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La Scena Musicale Online Reviews and News / Critiques et Nouvelles


Visit La Scena Musicale Online Reviews. [Index] Critiques de La Scena Musicale Online

Echoes an Eclectic Reflection on Life's Journey

By Joseph So June 29, 2001

Queen of Puddings Musical Theatre Company
St. George the Martyr Church, Toronto, June 17, 2001
Jane Archibald, soprano
Tamara Hummel, soprano
John Hess, piano
Photo Credit: Cylla Von Tiedemann

Tamara Hummel
Queen of Puddings Musical Theatre is one of small companies in town that put on innovative and experimental productions in intimate spaces, taking artistic chances where the bigger, more established companies are loath to do. To date, the biggest "hit" is Beatrice Chancy, which received critical acclaim and extensive media exposure, including a telecast on CBC. Last season's Sirens also received favourable notices. The current production of Echoes continues that tradition, though in a smaller venue, and using fewer singers. The result is decidedly mixed.

Much like Sirens, Echoes is based on a collection of pieces by different composers and poets – in this case, works by Gyorgy Ligeti, Harry Somers, Veljo Tormis, Manfred Trojahn, and Juhan Puhm, setting the poetry of Apollinaire, Kaplinski, Rasmussen, Puhm, and Rilke. The central theme of Echoes is the cycle of life as expressed in the four seasons, an oft-used metaphor in dance and music. Echoes attempts to do that through two female voices combined with a great deal of choreographed movements, using fairly simple sets, costumes, and lighting.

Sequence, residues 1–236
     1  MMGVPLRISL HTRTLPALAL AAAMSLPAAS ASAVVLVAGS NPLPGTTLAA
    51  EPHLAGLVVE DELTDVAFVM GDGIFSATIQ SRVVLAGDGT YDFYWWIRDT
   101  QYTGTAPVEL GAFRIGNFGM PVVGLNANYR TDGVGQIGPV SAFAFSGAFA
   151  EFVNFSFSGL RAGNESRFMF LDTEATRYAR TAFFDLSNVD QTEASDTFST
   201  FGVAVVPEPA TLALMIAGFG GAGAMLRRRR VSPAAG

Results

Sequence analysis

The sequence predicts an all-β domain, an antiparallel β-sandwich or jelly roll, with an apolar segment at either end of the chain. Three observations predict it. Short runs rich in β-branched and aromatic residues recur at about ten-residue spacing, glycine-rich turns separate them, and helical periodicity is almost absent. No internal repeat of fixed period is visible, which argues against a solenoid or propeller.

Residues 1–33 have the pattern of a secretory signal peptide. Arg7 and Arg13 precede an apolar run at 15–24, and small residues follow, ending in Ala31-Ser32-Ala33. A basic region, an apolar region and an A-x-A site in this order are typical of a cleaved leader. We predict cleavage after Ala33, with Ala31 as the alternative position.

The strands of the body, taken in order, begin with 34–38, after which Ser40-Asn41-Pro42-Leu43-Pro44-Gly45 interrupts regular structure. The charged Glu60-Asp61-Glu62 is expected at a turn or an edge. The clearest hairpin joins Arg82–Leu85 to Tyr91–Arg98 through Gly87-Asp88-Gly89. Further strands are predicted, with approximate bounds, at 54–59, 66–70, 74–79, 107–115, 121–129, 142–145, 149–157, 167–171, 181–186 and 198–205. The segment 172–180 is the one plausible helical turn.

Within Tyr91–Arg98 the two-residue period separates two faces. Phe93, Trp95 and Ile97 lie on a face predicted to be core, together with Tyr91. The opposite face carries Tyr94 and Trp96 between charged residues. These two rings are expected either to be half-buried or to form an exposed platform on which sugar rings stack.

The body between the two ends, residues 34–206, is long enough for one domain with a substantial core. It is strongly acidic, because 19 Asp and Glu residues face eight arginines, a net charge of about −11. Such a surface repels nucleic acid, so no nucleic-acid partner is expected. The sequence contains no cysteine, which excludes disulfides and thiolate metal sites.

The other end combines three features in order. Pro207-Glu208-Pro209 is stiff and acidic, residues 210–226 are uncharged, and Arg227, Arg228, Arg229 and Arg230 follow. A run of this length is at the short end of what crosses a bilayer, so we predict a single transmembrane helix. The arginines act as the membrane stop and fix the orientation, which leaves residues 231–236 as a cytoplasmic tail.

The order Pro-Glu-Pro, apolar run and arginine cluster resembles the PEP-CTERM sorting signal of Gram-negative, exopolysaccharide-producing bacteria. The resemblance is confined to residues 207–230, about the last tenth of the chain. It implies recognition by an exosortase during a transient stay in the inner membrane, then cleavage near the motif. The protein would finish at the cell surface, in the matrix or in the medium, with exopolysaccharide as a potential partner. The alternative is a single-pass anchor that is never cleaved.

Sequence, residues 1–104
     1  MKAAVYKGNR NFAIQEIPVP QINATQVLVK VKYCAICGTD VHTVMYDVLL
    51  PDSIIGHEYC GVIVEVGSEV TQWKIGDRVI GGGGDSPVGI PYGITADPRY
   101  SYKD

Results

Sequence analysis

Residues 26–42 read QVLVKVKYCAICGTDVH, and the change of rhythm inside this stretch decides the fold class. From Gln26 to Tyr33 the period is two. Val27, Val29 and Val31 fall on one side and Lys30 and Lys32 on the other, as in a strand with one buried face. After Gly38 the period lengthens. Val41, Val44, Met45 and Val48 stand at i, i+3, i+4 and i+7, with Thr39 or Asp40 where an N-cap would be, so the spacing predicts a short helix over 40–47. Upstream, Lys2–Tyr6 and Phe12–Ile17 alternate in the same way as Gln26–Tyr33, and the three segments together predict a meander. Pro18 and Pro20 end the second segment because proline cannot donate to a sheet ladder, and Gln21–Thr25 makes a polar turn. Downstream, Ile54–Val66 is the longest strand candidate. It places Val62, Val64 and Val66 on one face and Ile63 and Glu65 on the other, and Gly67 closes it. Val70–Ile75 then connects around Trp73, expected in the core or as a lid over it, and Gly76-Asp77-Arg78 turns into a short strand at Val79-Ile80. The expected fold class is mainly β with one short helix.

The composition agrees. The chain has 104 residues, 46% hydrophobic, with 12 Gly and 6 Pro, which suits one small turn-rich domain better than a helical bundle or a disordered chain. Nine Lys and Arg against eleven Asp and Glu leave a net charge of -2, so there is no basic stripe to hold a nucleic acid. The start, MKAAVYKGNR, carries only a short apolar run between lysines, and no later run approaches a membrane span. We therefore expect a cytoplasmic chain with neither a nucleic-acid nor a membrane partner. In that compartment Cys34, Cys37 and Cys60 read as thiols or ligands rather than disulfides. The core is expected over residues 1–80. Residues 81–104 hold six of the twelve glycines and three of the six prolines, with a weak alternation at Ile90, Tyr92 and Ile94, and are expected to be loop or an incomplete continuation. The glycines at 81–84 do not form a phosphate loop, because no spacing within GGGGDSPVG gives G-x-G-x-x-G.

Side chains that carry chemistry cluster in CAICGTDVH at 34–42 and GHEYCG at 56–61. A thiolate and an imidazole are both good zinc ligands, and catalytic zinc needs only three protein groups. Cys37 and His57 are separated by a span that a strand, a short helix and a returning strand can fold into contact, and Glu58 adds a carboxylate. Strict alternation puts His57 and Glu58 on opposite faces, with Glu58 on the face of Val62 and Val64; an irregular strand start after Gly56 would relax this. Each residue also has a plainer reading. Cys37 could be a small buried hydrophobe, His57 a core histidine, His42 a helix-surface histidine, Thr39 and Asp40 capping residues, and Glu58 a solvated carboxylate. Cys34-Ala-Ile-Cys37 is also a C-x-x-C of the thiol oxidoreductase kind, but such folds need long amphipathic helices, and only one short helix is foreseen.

Performed in "theatre in the round" style, sopranos Jane Archibald and Tamara Hummel, barefoot and wrapped in yards of muslin – called "foundation garments" in the program notes, sang fearlessly, with their voices ringing out impressively in the relatively small space. Contemporary music often places considerable demands on the vocal cords, but both singers met the challenges admirably. If they felt uncomfortable in the often unusually choreographed movements they were asked to do while singing, they did not let on.

Jane Archibald & Tamara Hummel
Veljo Tormis' tonal and accessible How can I recognize my home? , sung in Estonian, was chosen to open and close the hour-long work. In between were six songs of varying lengths and complexities, with Johan Puhm's Soliloquy/Echoes of Emptiness as the centerpiece. It is a vocal tour de force that pushes at either extremes of the soprano's working range as well as extremes in dynamics, from whispers, breathy sighs to repeated shrieks. Archibald is to be commended for her brave attempt at an almost impossible score. Also noteworthy is Harry Somers' Shaman's Song, set to words of Uvavnuk, a Netsilik Inuit woman. Sung in Inuktitut and English, Hummel brought out the earthy, timeless nature of the piece.

From a purely musical standpoint, Echoes benefited enormously from two committed singing actors, the involved and sympathetic piano of John Hess, and indeed the whole production team. However, whether this production achieved the stated goal of underscoring the changes of seasons as metaphor for the cycle of life is more open to question. To be honest, there is little that one could see from the costumes, lighting, or stage movements that depicted the seasons or the cycle of life. If the use of different coloured fabrics was an attempt at that, it was too muted or subtle to be readily perceived by the audience. Perhaps the effects could have been achieved by using lighting and maybe slide projections. It is easy enough to second-guess the intentions of the producers, but one thing is certain – thing could always be better if there were a larger budget to work with. But for now, Echoes represented an interesting and laudable attempt, but the goals remained largely unfulfilled.

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